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Auto industry celebrates while Canadian ag suffers

Auto industry celebrates while Canadian ag suffers

News of a new Volkswagen manufacturing plant in St. Thomas, sparks fear of more Ontario farmland going by the wayside to accommodate it.

By Andrew Joseph,

The news that automobile icon Volkswagen was going to construct its first-ever overseas battery manufacturing facility in St. Thomas, brought with it platitudes from the Canadian automobile industry—but the opposite from the Canadian ag sector.

On March 13, 2023, Volkswagen—Europe’s largest automaker—announced that its subsidiary PowerCo will establish an electric vehicle (EV) battery manufacturing facility in St. Thomas, Ontario, Canada.

"This historic investment is a testament to Canada’s strong and growing battery ecosystem and Ontario’s competitive business environment. With a highly skilled workforce, clean energy, an abundance of critical minerals, access to markets, and a flourishing automotive and battery sector, we are an attractive investment destination with everything companies need to grow. In addition, Canada and Ontario offer stability and predictability to their business partners,” said the Honourable François-Philippe Champagne, Canada’s Minister of Innovation, Science and Industry, and the Honourable Vic Fedeli, Ontario’s Minister of Economic Development, Job Creation and Trade in a jointly issued statement.

“This investment is another significant step forward as we build a clean transportation sector to meet global and North American demand for zero-emission vehicles.”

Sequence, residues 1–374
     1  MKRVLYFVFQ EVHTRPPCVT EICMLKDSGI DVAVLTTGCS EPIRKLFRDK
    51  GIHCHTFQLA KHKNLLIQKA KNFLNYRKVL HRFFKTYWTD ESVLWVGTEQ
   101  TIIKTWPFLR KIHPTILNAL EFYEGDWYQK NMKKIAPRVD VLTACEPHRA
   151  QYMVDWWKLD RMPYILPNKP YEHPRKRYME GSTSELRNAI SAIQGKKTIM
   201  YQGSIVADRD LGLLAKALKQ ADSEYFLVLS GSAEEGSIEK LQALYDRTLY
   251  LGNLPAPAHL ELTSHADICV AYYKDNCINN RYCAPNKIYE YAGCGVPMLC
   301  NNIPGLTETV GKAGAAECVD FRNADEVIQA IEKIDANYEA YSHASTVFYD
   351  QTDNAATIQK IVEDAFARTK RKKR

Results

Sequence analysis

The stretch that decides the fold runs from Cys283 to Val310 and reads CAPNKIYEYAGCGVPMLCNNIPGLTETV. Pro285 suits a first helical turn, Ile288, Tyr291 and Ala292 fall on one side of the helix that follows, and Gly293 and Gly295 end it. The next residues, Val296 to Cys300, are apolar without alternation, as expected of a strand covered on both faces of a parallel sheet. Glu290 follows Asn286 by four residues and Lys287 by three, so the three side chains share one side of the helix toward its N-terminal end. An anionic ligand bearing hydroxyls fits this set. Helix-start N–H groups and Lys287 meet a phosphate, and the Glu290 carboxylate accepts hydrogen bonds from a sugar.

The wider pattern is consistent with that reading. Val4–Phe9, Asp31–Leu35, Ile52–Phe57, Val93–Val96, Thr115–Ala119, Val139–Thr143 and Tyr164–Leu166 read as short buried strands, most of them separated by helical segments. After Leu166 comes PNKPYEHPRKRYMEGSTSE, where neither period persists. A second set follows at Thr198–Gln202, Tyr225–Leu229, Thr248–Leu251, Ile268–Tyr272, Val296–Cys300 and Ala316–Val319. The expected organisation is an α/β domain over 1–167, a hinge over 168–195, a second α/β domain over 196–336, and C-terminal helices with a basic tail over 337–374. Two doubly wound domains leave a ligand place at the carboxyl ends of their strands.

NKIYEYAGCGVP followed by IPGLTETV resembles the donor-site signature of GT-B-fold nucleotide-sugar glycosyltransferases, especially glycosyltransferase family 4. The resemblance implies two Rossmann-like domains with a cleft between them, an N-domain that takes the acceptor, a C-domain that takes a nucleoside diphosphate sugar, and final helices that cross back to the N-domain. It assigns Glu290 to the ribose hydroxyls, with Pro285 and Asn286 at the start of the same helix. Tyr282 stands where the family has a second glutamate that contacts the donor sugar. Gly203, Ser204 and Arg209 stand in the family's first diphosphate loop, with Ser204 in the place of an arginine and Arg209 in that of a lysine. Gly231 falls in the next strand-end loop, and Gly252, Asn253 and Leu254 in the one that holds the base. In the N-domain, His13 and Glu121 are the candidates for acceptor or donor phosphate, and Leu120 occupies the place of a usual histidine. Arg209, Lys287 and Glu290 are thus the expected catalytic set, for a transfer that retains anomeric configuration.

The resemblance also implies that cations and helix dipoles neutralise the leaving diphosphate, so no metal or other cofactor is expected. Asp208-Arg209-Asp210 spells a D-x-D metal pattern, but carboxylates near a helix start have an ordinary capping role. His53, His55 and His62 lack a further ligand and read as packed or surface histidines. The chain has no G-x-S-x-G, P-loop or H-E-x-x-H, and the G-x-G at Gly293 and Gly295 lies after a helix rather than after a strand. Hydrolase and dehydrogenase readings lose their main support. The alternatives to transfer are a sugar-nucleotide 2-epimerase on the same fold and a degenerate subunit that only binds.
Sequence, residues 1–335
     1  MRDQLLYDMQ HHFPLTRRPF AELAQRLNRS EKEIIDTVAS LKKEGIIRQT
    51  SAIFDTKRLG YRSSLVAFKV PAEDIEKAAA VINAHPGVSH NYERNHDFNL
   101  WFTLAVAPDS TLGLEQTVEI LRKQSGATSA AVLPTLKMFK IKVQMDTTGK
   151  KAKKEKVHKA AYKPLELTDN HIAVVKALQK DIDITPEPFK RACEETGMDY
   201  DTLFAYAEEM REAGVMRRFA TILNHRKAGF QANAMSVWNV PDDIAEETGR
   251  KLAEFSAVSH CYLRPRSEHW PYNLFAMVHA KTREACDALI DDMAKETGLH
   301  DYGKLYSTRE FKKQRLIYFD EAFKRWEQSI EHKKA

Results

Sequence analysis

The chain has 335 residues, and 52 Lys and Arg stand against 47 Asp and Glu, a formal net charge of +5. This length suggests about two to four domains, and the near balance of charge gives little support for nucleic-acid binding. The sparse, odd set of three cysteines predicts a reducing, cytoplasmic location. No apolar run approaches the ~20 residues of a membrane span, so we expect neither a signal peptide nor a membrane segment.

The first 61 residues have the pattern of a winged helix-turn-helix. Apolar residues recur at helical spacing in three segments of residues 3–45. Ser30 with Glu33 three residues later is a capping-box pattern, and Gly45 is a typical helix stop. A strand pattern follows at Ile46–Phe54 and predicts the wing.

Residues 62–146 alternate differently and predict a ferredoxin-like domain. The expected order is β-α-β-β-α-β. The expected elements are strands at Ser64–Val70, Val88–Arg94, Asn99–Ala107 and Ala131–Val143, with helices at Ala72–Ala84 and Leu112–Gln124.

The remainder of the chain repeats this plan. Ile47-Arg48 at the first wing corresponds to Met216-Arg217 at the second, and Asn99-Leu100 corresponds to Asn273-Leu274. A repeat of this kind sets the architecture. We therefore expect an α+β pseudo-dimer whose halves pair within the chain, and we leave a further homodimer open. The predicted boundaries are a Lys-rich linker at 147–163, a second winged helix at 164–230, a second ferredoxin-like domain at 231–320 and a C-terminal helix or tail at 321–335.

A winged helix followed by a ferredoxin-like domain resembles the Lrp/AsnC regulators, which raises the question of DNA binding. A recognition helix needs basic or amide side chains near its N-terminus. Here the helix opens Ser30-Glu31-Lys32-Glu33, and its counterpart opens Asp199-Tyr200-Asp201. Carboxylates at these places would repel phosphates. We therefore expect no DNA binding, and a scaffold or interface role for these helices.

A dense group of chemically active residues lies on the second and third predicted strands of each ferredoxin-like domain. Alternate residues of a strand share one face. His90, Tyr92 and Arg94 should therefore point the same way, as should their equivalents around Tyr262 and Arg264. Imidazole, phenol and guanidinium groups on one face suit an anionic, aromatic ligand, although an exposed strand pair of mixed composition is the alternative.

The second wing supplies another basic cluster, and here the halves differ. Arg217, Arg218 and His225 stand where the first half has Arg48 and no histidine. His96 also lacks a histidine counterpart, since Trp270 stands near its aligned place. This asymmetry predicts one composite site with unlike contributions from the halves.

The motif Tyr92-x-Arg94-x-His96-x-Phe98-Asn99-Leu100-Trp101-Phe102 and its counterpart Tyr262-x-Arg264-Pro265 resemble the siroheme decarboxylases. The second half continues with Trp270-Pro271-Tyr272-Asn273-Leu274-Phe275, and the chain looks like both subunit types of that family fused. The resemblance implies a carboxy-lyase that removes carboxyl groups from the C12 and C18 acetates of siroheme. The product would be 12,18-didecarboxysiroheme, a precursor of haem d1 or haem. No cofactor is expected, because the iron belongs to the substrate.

While economic pundits for the manufacturing sector praised the Volkswagen initiative that will support clean technology and create well-paying jobs and economic growth within the St. Thomas area, the Canadian ag industry saw this action as yet another slap in the face, as the province loses even more viable farmland.

In this instance, some 1,500 acres of farmland in the area (see the highlighted area in the image above) were purchased for the auto manufacturer’s interests.

Although hearsay, it is rumoured that the farmland was purchased for $60,000 up to $100,000 per acre.

It is said that most of this swathe of freshly-purchased farmland had previously been bought up by a few local farm families.  

According to Ontario Farmland Trust, over the past 35 years, Ontario alone has lost 18 percent of its farmland—that’s 2.8 million acres—to non-agricultural usage.

While the term “non-agricultural usage” usually refers to urban sprawl, it also refers to such industries as aggregate mining, and now per the PowerCo facility a loss to further green technology.

Now that’s irony.

Along with losing farmland to grow crops, the proposed battery manufacturing facility will also result in a loss of ecosystem habitat. Our Ontario farmlands are utilized for food and shelter by a plethora of species.

We can only assume an environmental study was undertaken, however, but it still makes the loss of the ecosystems within the St. Thomas farmland that much more tragic.

We would be remiss if we did not recognize that the province of Ontario’s agri-food sector is the largest economic sector in the province, employing over 860,000 people (as of 2021 data).

While we can applaud the auto industry’s win here in St. Thomas, we should be mindful of what we lost to get it.

According to Statistics Canada, 2021, Ontario is losing 319 acres of farmland every day. We can now factor in an additional 1,500 acres into our 2023 farmland loss.

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